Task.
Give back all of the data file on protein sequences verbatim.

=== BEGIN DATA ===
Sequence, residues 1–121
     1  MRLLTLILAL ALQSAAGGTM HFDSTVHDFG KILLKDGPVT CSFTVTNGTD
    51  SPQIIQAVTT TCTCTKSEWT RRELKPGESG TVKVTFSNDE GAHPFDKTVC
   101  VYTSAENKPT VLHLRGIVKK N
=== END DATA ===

Sequence, residues 1–121
     1  MRLLTLILAL ALQSAAGGTM HFDSTVHDFG KILLKDGPVT CSFTVTNGTD
    51  SPQIIQAVTT TCTCTKSEWT RRELKPGESG TVKVTFSNDE GAHPFDKTVC
   101  VYTSAENKPT VLHLRGIVKK N